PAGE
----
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John Daly

Problems Eclipse Success

Though Daly landed about $10 million worth of endorsement deals, earned the PGA Tour's Rookie of the Year award for 1991, and won the B.C. Open a year later, his life was sliding down a slippery slope. He was disqualified from two international events over scorecard-signing procedures, and was charged with assaulting his second wife, Bettye, at a Christmas party (he pled the charge down to harassment) in Denver and entered his first rehab. While not drinking for a while, Daly admitted to heavy gambling, saying he was cross-addicted.

Commissioner Deane Beman suspended him for three months after he walked off the Kapalua International. He rebounded to win the BellSouth Classic the following year. But Reebok suspended his endorsement deal after he resumed heavy drinking. Gambling problems also mounted.

The final shining moment of Daly's career came in the 1995 British Open at storied St. Andrew's golf course. The wide fairways suited Daly's hard-driving game. Daly, a 66-1 long shot, won an 18-hole playoff against Constantino Rocca by four stokes, one day after Rocca had forced the playoff by making a 70-foot putt from the "Valley of Sin" on hole number 18. Daly's game and life, however, backslid again. St. Andrews was his last pro victory.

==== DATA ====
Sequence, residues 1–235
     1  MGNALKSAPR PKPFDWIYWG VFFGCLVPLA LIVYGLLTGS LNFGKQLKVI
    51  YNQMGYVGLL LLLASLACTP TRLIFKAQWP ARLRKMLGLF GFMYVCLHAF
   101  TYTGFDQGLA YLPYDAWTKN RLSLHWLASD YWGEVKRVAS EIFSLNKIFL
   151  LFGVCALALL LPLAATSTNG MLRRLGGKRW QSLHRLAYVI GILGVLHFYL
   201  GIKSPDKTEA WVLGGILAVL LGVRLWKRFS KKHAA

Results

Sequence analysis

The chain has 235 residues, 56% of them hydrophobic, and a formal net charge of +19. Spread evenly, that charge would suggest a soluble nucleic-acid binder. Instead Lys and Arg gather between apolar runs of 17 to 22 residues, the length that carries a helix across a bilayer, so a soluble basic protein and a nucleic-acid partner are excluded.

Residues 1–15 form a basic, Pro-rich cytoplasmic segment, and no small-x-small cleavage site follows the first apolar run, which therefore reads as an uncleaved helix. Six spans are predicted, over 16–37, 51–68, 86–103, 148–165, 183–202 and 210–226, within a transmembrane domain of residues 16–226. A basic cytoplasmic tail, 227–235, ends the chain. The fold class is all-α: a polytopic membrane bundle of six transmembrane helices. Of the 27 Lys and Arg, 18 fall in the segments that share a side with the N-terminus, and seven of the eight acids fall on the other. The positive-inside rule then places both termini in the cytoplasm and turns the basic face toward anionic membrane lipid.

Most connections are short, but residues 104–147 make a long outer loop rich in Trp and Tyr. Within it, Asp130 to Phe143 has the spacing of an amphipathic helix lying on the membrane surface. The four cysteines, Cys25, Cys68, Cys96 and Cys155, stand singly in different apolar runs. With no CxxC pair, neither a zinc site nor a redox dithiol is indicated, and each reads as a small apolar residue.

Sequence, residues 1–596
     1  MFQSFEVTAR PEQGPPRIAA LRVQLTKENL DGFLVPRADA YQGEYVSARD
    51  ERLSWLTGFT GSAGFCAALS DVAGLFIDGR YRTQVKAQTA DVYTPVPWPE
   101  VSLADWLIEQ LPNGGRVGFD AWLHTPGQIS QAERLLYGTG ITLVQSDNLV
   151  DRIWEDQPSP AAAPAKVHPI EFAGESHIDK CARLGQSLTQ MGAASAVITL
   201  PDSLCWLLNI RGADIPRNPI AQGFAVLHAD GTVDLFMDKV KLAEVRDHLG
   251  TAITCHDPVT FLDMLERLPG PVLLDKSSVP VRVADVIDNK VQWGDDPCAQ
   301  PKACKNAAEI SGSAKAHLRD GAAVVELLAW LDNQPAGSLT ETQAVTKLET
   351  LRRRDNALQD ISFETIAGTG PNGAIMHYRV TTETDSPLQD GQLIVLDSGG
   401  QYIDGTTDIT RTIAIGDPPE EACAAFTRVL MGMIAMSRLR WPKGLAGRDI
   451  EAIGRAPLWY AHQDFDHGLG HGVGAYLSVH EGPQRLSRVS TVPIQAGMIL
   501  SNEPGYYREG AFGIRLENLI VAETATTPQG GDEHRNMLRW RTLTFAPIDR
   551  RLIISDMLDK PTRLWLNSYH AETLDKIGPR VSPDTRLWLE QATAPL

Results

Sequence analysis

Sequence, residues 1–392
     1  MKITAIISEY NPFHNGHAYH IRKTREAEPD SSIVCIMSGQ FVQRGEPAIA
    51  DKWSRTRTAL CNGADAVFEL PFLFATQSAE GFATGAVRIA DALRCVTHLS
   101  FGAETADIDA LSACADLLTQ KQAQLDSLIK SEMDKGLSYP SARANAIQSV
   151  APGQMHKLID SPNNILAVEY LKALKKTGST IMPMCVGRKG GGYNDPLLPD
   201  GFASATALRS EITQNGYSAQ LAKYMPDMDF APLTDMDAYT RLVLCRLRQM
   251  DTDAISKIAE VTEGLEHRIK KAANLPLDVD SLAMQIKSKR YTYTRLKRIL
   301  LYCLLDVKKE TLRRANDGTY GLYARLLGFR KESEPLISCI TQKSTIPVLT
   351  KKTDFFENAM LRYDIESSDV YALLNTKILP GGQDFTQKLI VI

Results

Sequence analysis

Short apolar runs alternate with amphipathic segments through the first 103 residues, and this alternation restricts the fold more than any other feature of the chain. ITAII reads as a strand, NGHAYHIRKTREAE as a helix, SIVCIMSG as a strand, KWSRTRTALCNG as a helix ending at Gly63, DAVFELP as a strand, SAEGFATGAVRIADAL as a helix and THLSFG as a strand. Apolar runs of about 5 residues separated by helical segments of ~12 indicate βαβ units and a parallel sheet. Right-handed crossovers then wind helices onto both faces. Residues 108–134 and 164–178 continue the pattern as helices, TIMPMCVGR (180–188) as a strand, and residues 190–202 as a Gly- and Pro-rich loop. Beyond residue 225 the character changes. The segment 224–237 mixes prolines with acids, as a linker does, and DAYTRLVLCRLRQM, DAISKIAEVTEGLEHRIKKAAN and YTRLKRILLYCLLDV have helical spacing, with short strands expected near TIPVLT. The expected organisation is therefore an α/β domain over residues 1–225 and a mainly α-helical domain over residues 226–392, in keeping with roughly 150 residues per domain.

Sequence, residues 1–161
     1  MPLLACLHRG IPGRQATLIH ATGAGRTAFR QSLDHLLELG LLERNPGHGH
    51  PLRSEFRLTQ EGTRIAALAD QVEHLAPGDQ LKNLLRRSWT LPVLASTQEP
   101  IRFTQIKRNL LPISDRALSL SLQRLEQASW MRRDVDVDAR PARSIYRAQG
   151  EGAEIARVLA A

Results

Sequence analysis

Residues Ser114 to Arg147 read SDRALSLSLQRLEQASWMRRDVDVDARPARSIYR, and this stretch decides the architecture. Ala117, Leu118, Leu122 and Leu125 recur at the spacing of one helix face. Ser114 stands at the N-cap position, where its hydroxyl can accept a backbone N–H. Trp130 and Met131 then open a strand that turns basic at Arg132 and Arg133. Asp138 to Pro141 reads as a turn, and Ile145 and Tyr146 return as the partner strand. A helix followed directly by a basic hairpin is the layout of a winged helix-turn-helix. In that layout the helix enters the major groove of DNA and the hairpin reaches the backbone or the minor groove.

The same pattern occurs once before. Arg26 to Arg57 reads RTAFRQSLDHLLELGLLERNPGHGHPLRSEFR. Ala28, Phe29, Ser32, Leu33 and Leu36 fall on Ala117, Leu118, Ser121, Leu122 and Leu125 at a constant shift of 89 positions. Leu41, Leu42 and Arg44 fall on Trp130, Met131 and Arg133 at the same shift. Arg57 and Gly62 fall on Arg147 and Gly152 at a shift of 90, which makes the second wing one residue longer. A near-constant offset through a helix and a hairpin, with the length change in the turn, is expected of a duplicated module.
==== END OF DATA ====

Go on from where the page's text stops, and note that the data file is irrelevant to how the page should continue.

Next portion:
"When the downward spiral revived, all the old nightmares, plus a few new ones, came calling," Carter wrote. Daly threw clubs, withdrew prematurely from tournaments, battled depression and even suicide attempts, after he escaped from the Betty Ford Clinic in Rancho Mirage, California. He also amassed $2.6 million in gambling debts and lost the sponsorship of Calloway Golf, for whom he endorsed Big Bertha drivers. His third wife, Paulette, left him.

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